interview: kinship

︎Music, Label, Interview, Graphic Design  
︎ Ventral Is Golden

A manifesto of digital aftermath,
exploring the mysterious series
of relation and encounter.

Exploring liminal states in search of the transcendental with Berlin based cassette label, Kinship.

︎Kinship, 2020.

︎Gaia Textures, 2019.

When and what was the original impulse behind the formation of Kinship as a label?
For me the original impulse was to create Kinship as a way to recall the temporary connections made between people and their instruments, within a kind of temporary, disappearing timeframe. Personally I think the tape expresses limitations that speak to this point of reference that stretches through time. It's maybe what the digital realm of music loses, this aspect of a physical form, a totem that's embedded somehow in the past. Either way it's an emotional resonance. Music in all its forms needs to be heard.

It seems like cassette is your preferred medium. Is it the sound quality or aesthetic that draws you to this format most?
Cassette is my preferred medium for many reasons. Besides its quick production, the sound of the tape has a certain compression and sound quality that fits the music very well, from the selection of sounds to the way the narrative in the music itself follows. Through the quality of how the audio signal is given through the tape, the perception of the quality of the music changes. The tape becomes a part of the music and I love that aspect about a cassette.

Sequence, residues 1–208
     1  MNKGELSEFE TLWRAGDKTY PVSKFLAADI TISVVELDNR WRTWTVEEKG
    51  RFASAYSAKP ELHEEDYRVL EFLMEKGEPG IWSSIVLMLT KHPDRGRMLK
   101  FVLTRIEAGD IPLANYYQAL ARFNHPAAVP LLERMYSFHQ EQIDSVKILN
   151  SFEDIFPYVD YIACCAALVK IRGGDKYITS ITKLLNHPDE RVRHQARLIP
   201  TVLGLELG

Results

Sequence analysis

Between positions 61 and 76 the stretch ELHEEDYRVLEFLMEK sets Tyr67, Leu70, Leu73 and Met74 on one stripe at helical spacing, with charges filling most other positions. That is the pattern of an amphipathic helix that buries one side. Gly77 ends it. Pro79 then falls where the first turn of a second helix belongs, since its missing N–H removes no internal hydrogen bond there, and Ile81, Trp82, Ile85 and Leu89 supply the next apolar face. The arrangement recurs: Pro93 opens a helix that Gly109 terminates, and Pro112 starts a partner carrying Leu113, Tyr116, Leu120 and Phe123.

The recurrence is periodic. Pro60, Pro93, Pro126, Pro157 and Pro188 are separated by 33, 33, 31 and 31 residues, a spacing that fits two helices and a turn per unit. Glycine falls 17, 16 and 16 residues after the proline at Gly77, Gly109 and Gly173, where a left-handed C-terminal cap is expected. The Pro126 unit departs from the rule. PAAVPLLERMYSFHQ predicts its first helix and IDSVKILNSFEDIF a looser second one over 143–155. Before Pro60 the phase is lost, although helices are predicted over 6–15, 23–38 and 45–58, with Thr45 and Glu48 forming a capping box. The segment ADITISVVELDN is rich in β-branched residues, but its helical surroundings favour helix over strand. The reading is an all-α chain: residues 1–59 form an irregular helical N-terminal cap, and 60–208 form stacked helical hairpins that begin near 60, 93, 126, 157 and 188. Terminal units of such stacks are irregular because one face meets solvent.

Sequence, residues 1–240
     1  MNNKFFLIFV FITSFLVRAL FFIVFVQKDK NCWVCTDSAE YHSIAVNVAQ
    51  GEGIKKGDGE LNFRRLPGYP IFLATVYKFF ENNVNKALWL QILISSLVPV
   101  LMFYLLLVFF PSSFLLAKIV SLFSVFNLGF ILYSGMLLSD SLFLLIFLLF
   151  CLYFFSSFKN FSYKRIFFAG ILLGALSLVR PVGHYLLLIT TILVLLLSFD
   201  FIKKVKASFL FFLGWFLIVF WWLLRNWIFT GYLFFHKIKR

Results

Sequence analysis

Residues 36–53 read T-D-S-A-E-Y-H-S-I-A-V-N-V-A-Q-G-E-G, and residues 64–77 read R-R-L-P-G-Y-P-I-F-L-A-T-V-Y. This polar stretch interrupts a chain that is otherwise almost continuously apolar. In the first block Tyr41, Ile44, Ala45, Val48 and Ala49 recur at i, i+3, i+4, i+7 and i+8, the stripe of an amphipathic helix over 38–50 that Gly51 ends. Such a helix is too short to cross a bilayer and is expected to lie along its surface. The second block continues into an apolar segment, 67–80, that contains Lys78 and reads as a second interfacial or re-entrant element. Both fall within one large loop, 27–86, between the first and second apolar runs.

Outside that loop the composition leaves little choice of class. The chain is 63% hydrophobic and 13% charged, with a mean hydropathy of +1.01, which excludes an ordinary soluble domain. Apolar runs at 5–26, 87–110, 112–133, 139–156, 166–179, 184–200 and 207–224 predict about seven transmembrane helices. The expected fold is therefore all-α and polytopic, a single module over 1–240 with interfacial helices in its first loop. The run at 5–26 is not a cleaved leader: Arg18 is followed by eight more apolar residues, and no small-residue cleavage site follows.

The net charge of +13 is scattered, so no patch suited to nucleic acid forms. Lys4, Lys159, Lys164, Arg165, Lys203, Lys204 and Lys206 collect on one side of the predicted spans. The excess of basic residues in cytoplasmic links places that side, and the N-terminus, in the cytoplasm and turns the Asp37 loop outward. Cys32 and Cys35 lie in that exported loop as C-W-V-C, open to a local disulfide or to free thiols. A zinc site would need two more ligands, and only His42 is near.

The cassette encourages to listen to the whole album instead of individual tracks and often keeps you away from skipping, which naturally enables you to reach a more meditative state whilst listening. This could be seen to benefit our attention span in some ways.

No-one is forced to listen to the cassette though. In every tape release there’s also a download code included so you can get the music digitally. Its just a choice in the end, only a “preferred medium”. To understand further why cassette is the format I’m in love with, the social & philosophical aspects of it etc; you can read Rasmus Fleischer’s article, How Music Takes Place: Excerpts From “The Post-digital Manifesto” (The Internet Does Not Exist).

︎God is God, 2018.

“If viewed from a distance, all unique combinations of instrument and sound effects start to resemble something more like meta-instruments. The same thing happens if we consider hardware and software, and the different ways in which they can be configured to produce sounds. The development of the musical means of production finds its expression in innovations made at this meta-instrumental level, and these show themselves for the most part to be the results of collective experimentation without any identifiable single author.“

︎Air Cushion Finish, 2018.
What goes into a typical Kinship release in terms of genre. How do you discriminate between tastes and moods in order to know what to release?
It’s really impossible for me to break it down into a certain genre. There is no typical Kinship release and I think every release is as important as the other.
I do gravitate towards music which resonates with a certain period of time though - the journey, a stretch of time. So any one release can be complimentary to the next or previous in the series, as a kind of non-linear narrative. As I try to stay true to this feeling, the more fulfilled the sound appears to me, and hopfully to others.